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Do You Understand Food Labels?

Allison Benson, RD, LRD, Program Assistant, NDSU Extension Service

A lot of confusion surrounds the dates on food labels. Interestingly, infant formula is the only food required by the Federal Drug Administration (FDA) to have a date. If manufacturers choose to put a date on a food label (although it’s not required), they must categorize it. Examples include:  “Use by”, “Best if Used by”, “Sell by” or “Expiration”.

Of these labels, the following are all food quality dates not food safety dates:

  • Use by
  • Best if used by
  • Sell by

This means the food item should be used or sold by the date on the package in order to consume it when it is at its peak quality. However, the food item is still safe to consume after this date.

You may be asking yourself, how long are foods good to eat past the date on the package? That answer is a bit more complicated. Phone apps such as “Is My Food Safe?” or “Foodkeeper” can help you understand how long your food and beverages are safe to consume. Websites such as can be used as resources. Additionally, it may be helpful to print off a chart that shows how long foods should be used and stored and keep it handy in your kitchen.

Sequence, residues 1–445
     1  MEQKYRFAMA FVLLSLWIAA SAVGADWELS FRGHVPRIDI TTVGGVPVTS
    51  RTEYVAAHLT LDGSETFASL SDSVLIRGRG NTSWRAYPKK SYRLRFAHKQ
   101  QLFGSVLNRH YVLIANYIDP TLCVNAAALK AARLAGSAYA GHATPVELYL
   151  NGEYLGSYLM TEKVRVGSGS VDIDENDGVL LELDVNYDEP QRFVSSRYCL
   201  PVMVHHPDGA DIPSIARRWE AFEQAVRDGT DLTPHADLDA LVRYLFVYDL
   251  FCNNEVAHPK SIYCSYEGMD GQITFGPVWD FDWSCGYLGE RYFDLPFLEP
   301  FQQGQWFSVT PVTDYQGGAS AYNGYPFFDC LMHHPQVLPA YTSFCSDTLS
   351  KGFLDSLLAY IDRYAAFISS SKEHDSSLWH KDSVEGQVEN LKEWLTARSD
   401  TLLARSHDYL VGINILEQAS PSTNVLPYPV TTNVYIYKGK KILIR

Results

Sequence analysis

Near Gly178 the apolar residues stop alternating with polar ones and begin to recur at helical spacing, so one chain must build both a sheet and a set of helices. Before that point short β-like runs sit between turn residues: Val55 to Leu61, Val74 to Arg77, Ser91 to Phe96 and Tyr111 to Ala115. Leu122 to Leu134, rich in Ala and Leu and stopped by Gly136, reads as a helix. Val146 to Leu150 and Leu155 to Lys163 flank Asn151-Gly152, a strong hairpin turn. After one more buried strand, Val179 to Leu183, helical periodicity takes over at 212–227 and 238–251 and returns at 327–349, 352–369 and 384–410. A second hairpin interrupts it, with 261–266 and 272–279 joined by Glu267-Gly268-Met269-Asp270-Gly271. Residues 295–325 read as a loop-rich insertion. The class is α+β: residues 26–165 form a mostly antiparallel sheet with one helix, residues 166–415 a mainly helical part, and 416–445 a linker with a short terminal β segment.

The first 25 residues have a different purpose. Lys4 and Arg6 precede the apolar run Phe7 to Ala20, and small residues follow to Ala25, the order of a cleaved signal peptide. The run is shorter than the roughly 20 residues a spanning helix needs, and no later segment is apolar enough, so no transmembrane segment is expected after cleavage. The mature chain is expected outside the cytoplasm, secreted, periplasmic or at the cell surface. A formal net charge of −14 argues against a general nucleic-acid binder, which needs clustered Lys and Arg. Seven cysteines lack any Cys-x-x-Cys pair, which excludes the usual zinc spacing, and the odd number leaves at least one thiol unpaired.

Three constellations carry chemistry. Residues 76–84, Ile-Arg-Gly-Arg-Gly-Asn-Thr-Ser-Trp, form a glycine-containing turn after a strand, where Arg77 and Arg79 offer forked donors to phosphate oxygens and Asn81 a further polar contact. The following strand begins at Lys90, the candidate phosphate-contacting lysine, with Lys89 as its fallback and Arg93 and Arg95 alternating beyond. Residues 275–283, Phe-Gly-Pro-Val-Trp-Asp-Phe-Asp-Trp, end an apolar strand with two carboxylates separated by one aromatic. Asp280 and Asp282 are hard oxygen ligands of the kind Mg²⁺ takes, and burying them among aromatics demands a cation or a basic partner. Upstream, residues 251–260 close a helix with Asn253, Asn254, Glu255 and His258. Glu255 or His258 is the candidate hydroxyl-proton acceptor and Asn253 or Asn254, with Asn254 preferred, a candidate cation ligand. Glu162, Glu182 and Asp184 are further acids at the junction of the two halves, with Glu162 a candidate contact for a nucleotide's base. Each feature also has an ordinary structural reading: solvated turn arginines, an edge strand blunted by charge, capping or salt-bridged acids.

See the “Food Storage Guide”  for a wide range of storage information.

Don’t forget to use your common sense. If you see signs of spoilage such as mold growth or a foul smell coming from a food, you should throw it away and not consume it regardless of any date on the package.

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Sponsored in part by the Sanford Health Foundation.

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